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Wholesale Tarragon

Artemisia dracunculus
plant overview
one of the fines herbes

Tarragon, more specifically referred to as French tarragon to distinguish it from its Russian or Spanish counterparts, is a member of the daisy family found throughout the Northern Hemisphere. The tarragon herb is a popular culinary herb, most notably in French cuisine where it is paired with poultry and fish and used to season sauces, such as the classic Béarnaise. While the fresh leaf is used to flavor beverages and vinegar, the dried tarragon herb lends a mild anise-like flavor to fines herbes and other seasoning blends. Tarragon uses in cooking are endless, much like more common household herbs like basil or rosemary.

Clicking "learn more" next to each variety will take you to individual product pages for details.

A Bit of Botany

a bit of botanical information on tarragon

Artemisia dracunculus is a species of perennial herb in the family Asteraceae.

Tarragon grows to heights of 4-5 feet, with slender branched stems. The glossy green leaves are lanceolate with an entire margin, and grow 2–8 cm long and 2–10 mm wide. Tarragon produces flowers in small capitulae 2–4 mm diameter. Each capitulum contains up to 40 yellow or greenish-yellow florets.

Some tarragon plants produce seeds that are generally only sterile, while others produce viable seeds. French tarragon, seldom produces any flowers or seeds. Tarragon has rhizomatous roots and can readily reproduce from these rhizomes.

common names & nomenclature
It is believed that the name tarragon is borrowed from the Persian name for tarragon which is tarkhūn. Others claim it is from the French esdragon, which means “little dragon”.

Also known as:
french tarragon, tarragon, little dragon, mugwort, herbe au dragon

Tarragon, one of the fines herbes

Where in the World

habitat and range for tarragon

Artemisia dracunculus is native to the Caspian Sea area and Siberia; widely cultivated in Europe, Asia, and the United States.

Cultivation & Harvesting

considerations for growing and harvesting tarragon

Tarragon grows by rivers, streams, and grasslands in full sun.

Tarragon is best grown in organically rich, dry to medium moisture, well-drained soils.

Help keep tarragon plants robust by dividing the clumps every 3-4 years, however consider replacing the plantsif plant vitality declines. Since any seed produced is generally sterile, French tarragon should be propagated by cuttings or division.

Fresh tarragon leaves may be harvested at any time during the growing season. These leaves may also be dried for later use by cutting the leafy stems in mid-summer and hanging them in bunches in a cool, dry location.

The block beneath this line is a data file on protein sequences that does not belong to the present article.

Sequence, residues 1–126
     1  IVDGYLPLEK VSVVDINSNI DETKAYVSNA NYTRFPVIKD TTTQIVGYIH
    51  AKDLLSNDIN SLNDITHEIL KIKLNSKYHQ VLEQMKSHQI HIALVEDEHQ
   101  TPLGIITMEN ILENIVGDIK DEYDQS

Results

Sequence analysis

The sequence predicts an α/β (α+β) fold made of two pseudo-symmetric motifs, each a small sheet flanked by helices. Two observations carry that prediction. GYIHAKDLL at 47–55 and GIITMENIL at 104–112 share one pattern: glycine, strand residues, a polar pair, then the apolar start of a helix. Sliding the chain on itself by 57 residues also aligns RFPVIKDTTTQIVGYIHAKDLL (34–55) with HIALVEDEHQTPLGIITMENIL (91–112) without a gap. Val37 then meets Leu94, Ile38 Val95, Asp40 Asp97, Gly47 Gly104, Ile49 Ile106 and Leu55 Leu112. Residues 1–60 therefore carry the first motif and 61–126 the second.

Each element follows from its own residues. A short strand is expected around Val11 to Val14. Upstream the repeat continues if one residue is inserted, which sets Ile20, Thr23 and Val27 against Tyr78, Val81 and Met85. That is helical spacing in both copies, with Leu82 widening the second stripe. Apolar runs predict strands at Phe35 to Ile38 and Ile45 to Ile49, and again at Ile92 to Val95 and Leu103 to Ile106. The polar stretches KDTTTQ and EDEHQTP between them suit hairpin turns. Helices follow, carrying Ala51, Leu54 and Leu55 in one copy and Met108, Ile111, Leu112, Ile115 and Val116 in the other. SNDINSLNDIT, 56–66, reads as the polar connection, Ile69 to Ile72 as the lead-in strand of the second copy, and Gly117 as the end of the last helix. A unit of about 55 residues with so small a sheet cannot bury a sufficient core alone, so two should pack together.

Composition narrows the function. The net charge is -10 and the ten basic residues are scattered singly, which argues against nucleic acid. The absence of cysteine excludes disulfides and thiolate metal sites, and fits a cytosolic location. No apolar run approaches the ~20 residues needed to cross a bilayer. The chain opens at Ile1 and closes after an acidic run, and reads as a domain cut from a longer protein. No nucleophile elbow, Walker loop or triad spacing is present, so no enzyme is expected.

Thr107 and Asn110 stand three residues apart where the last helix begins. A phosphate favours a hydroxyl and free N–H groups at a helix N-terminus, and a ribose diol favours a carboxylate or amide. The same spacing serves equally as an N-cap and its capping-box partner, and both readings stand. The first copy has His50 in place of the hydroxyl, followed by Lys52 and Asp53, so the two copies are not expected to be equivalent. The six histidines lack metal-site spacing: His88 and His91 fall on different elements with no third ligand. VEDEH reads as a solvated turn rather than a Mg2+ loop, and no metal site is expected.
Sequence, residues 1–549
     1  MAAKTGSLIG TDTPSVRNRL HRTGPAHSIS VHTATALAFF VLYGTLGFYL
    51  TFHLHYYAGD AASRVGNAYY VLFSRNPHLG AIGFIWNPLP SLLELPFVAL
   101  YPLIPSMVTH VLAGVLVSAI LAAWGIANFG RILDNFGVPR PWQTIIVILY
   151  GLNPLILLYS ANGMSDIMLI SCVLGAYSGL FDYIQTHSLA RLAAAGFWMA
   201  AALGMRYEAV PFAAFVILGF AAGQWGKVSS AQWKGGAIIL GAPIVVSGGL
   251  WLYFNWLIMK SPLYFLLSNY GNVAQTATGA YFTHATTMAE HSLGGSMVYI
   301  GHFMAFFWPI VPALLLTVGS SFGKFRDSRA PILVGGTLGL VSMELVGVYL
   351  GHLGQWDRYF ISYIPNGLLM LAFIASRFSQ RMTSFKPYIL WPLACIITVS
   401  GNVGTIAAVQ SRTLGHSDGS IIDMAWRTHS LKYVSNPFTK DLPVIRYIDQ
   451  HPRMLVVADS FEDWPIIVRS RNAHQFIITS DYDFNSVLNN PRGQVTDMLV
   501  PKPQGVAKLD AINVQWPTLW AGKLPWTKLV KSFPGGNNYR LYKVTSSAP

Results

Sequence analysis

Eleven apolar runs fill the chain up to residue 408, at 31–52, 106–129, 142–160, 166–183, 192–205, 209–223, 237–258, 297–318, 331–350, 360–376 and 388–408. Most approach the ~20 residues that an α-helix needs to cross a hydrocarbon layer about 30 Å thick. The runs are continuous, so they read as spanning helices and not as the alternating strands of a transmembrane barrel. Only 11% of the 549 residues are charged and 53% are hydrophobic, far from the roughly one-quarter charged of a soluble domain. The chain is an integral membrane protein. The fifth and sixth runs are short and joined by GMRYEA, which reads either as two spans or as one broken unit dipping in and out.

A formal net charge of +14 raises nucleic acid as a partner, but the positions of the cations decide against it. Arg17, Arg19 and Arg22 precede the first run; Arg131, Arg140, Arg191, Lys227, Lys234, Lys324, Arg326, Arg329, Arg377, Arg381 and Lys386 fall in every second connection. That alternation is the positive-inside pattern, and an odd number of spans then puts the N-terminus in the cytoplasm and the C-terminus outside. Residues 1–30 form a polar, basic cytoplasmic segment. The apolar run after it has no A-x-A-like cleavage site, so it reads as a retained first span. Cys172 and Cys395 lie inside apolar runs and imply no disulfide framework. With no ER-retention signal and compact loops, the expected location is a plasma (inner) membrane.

Store dried tarragon leaves in an airtight container in a cool, dry place.

The Rest of the Story

additional information

go for the french
Tarragon comes in two varieties, Russian and French. The former has less oil—and therefore, less flavor—so tarragon almost always implies the French Plant.

Russian tarragon may be grown from seeds, but the more desirable French variety must be propagated from cuttings or root divisions. Divide the roots in spring and plant 1-inch pieces of their tips. Or take cuttings in summer, thin plants to 2-foot spacing.

French tarragon is a perennial with a creeping, serpentine root, and stems that reach 2 feet. Its leaves look like a larger version of rosemary. This herb rarely flowers, and if it does, the fruits are sterile.

Tarragon grows best in rich, well-drained soil under full sun. Make sure the roots do not become waterlogged. If your winter temperatures drop below the teens, mulch well each fall. Divide tarragon roots every few years to retain plants vigor.

Tarragon leaves bruise easily. Harvest them carefully in early summer. Because tarragon loses medicinal value when dried, freeze the fresh herb or preserve it in vinegar.

Tarragon is best known as the main seasoning in bearnaise sauce.

Formulas & recipes
Recipes using tarragon
There are endless uses for the tarragon herb, it is commonly used in pickling mixtures, infused oils, soups, cheese spreads, and more. Tarragon contains a very unique taste that some identify as being close to licorice.

Tarragon butter recipe
-½ cup softened butter
-1 garlic cloves, minced
-2 or 3 tablespoons of finely chopped fresh or dried tarragon
-2 tablespoons of lemon juice
-2 teaspoons of fresh black pepper (optional)

Combine all ingredients together using a stand mixer or mix by hand with a wooden spoon. Make sure everything is incorporated throughout the butter and that the texture is uniform throughout. Roll into a butter log using plastic wrap or a regular Tupperware container. Refrigerate overnight and enjoy as a spread or seasoning on any preferred food.

Health benefits
How to use tarragon
Tarragon is largely used in French cuisine, as well as other European countries. It has many health benefits like other aromatic kitchen herbs. Tarragon herb is said to help with loss of appetite, insomnia, and blood sugar levels.

for educational purposes only

This information has not been evaluated by the Food and Drug Administration.
This information is not intended to diagnose, treat, cure, or prevent any disease.

please be advised: 
Before making any changes to your diet you should always consult with your doctor,
especially if you are pregnant, nursing or have existing conditions.